Beware of Falling Meteors

You might want to take cover. A plummeting six-ton satellite is predicted to hit Earth this week. It’s expected to break into as many as 100 pieces, with the heaviest chunk weighing roughly 300 pounds. With the spacecraft traveling at a speed of 17,500 miles per hour (5 miles per second), scientists are having a hard time trying to pinpoint where it may touch down. It could land anywhere between latitudes 57 degrees north and 57 degrees south, so basically, on any continent except Antarctica. And anytime between Thursday and Saturday. With the odds of being struck at 1 in 21 trillion, maybe you don’t need to take cover after all.

That is, unless you are my husband. Steve has a well-worn expression. “That’s about as likely as a meteor falling out of the sky and hitting me on the head,” he’ll say. I generally reply that when the number of days that God ordained for him are up, probably the way he’ll go is from a meteor hitting him on the head.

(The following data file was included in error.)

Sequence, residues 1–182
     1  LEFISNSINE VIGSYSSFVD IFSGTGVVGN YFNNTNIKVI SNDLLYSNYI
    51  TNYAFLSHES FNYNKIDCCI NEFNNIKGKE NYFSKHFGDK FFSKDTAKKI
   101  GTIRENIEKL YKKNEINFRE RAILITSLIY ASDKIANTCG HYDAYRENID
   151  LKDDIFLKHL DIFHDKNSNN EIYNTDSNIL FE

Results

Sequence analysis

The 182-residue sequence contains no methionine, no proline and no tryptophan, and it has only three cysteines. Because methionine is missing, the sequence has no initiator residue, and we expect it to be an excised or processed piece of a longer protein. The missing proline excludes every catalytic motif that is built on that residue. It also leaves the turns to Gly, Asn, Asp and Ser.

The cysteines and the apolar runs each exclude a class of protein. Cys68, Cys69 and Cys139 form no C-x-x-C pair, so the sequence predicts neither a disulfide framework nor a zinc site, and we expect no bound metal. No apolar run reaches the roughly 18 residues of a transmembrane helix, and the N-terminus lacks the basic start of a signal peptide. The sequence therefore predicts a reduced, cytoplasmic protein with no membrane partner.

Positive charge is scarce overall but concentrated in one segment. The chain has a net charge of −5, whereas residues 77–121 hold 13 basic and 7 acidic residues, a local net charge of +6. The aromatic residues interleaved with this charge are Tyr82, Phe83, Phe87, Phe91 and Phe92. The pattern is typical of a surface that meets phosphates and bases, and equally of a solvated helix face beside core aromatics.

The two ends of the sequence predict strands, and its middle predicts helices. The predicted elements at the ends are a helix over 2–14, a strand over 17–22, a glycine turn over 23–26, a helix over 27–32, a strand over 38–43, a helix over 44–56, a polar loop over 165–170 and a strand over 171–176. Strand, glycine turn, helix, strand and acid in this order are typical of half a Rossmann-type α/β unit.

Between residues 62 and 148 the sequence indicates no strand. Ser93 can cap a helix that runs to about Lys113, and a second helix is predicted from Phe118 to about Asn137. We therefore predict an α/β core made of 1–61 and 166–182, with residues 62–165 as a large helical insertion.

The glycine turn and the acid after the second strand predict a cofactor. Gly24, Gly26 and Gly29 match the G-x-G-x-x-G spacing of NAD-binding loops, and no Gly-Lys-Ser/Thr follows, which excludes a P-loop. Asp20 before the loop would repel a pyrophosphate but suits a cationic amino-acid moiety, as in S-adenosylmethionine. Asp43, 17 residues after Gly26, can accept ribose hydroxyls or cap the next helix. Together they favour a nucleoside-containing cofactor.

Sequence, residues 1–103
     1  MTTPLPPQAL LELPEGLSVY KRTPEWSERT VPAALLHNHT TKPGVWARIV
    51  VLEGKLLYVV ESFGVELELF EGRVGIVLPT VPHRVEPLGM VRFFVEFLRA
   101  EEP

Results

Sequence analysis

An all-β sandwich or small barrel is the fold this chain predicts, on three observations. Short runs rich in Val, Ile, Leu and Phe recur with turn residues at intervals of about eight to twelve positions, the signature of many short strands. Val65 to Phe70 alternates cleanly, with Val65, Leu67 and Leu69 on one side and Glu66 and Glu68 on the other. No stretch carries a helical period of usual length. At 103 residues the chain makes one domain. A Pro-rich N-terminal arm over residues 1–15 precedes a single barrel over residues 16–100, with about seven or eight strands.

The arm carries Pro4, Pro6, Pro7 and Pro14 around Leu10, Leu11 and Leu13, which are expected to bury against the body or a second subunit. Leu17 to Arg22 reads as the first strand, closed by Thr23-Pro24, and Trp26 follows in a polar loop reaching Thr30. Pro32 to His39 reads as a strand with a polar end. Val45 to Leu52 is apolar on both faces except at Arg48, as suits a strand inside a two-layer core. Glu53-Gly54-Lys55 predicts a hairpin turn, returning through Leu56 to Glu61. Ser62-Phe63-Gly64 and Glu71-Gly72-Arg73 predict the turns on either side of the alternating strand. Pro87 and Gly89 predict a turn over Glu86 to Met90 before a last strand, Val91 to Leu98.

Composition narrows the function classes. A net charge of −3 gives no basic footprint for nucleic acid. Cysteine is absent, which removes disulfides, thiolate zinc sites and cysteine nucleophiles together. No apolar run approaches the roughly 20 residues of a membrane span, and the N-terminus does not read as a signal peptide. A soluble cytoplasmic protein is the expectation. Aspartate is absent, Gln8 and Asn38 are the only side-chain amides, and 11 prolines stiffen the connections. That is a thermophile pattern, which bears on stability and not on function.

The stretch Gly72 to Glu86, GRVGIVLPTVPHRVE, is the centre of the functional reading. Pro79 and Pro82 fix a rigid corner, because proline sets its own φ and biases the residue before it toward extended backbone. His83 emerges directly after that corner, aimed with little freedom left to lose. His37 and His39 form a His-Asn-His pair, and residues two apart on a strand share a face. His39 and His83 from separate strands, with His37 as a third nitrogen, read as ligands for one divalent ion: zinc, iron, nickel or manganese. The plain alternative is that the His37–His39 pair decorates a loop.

But the meteor, or in this case satellite, will have some stiff competition. My husband is hard-headed. And I don’t just mean he’s stubborn. His forehead has been forged into a substance as heavy as concrete. This bone-densifying process began when he was about seven years old and tangled with a fencepost. The substance grew stronger when he raced down a mountain road, at about age 23, flipping over his handlebars and landing on his forehead.

Any ideas where I might find a used tin helmet for Steve before tomorrow? Don’t worry; I’m sure you’ll be safe. By the way, if you do happen to come across a chunk of the satellite, it’s against the law to keep it as a souvenir or sell it on craigslist. NASA claims it belongs to them.

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